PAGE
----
• This page acts as an index for the data and statistics that we’ve referred to on this site.
  • They’re in no particular order. The purpose is to provide the sources of the statistics that we’ve used.
  • If you’ve been directed to this page, you were probably reading a statistic on this site and clicked the link – you should find the source of that statistic on this page.
  • If you spot a statistic that you think would be useful, or find one that has changed or updated, please let us know.

Reference 1

There are over 11 million people with a criminal record on the Police National Computer.
Source: Freedom of Information Act response, June 2017

Reference 2

Only 8% of people that receive a conviction end up going to prison.
Source: Ministry of Justice (2012) Criminal justice statistics quarterly; September 2012, London: Ministry of Justice

Reference 3

There are over 1.2 million individuals that receive a conviction every single year.
Source: Ministry of Justice (2012) Criminal justice statistics quarterly; September 2012, London: Ministry of Justice

Reference 4

A significant number of people (205,000) receive cautions instead of convictions.
Source: Ministry of Justice (2012) Criminal justice statistics quarterly; September 2012, London: Ministry of Justice

Reference 5

Stable and secure employment plays a key role in former lawbreakers not only ‘going straight’ but ‘staying straight’ and reaching their true potential.
Source: Sampson, R.J. and Laub, J. (1995) ‘Understanding variability in lives through time: Contributions of life-course criminology’, Studies on Crime and Crime Prevention, 4: 143-158; Maruna S. (2001) Making Good: How ex-convicts reform and rebuild their lives. Washington: American Psychological Association

Reference 6

The UK Government’s own Social Exclusion Unit reported that ‘employment reduces the risk of re-offending by between a third and a half’.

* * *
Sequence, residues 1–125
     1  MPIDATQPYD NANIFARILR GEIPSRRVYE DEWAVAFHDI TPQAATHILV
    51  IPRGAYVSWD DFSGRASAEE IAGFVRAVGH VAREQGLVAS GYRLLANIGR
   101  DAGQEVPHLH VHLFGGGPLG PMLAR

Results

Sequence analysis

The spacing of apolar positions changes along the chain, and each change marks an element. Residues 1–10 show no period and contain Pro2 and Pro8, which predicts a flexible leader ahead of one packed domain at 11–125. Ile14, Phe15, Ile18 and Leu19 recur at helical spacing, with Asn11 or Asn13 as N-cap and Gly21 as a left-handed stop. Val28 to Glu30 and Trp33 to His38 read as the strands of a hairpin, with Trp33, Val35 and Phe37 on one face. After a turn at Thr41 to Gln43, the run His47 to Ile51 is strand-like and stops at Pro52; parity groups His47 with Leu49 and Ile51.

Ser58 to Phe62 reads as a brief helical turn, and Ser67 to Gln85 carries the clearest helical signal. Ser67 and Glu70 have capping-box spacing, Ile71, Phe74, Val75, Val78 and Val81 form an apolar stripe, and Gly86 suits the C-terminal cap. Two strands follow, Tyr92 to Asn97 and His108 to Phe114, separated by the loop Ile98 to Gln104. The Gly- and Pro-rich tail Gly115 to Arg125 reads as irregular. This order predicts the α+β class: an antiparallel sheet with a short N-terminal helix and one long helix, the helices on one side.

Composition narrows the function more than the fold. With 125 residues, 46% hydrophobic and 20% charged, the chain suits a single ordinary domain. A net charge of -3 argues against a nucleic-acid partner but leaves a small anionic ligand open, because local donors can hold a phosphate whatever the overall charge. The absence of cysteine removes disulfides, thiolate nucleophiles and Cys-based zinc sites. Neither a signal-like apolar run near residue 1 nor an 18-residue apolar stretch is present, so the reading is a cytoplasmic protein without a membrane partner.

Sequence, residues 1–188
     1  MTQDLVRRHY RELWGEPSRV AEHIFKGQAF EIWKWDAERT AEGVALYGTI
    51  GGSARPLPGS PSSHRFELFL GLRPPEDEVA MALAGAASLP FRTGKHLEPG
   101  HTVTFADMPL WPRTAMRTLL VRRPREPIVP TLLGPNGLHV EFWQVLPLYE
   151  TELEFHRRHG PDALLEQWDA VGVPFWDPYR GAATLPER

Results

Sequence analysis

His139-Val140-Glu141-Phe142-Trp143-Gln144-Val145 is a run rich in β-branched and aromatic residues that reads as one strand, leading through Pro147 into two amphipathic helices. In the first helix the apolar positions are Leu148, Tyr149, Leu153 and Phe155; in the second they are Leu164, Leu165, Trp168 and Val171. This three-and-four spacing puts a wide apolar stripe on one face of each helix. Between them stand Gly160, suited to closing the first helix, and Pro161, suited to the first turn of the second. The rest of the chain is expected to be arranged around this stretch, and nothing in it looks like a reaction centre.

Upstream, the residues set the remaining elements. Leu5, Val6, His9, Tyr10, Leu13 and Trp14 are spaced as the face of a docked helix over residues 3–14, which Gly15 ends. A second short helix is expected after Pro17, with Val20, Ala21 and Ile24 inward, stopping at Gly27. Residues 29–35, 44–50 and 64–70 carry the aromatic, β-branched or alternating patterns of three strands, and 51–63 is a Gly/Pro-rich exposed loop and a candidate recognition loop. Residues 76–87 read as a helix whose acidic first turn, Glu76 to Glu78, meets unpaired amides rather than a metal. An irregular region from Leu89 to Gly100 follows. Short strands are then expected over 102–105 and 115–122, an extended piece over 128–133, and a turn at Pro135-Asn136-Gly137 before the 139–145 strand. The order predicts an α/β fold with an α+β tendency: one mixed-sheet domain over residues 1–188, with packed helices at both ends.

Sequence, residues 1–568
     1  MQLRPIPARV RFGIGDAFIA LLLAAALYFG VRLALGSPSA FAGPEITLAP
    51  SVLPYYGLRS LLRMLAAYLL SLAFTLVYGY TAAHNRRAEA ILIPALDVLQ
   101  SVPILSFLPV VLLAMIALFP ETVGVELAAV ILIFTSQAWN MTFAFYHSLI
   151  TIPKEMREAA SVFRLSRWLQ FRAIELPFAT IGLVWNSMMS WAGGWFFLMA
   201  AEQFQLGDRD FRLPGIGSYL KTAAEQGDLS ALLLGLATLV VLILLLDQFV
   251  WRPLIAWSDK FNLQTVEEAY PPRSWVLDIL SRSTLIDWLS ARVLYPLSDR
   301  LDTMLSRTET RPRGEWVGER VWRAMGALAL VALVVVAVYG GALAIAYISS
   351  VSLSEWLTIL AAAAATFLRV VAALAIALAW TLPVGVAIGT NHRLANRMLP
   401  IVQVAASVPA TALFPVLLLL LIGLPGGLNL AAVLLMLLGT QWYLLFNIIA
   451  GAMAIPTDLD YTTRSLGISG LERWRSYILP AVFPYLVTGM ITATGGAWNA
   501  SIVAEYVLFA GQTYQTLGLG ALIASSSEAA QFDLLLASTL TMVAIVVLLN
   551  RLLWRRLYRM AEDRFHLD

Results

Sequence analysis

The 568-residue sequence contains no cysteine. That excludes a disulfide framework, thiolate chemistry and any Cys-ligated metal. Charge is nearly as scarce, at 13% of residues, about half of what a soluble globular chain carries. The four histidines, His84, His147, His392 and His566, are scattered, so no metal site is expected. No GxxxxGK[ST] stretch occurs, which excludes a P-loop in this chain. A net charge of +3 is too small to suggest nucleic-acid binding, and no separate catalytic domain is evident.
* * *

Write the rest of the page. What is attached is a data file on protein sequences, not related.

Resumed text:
Source: Social Exclusion Unit (2002), Reducing re-offending by ex-prisoners, London: Office of the Deputy Prime Minister

Reference 7

People with convictions make up a sizeable proportion of the unemployed population – 33% of Job Seekers Allowance claimants received a criminal record in the last ten years.
Source: Ministry of Justice and Department for Work and Pensions (2011) Offending, employment and benefits – emerging findings from the data linkage project, London: MOJ/DWP

Reference 8

People with convictions are the least likely ‘disadvantaged group’ to be employed – only 12% of employers have knowingly employed one in the last three years.
Source: CIPD (2010) Labour Market Outlook Summer 2010, London; CIPD

Reference 9

In a survey by Working Links, more than half of employers said that the disclosure of an unspent conviction would have a negative effect on their recruitment decision, even if the candidate was considered equal to other candidates in all other areas. Around a sixth stated that they would automatically exclude a candidate with a previous conviction.
Source: Working Links (2010) Prejudiced: Tagged for life – A research report into employer attitudes towards ex-offenders, London: Working Links

Reference 10

Royal Mail has a stated policy not to recruit any applicant who has an unspent conviction for a huge range of offence categories, without looking at the sentence received or how long ago it was.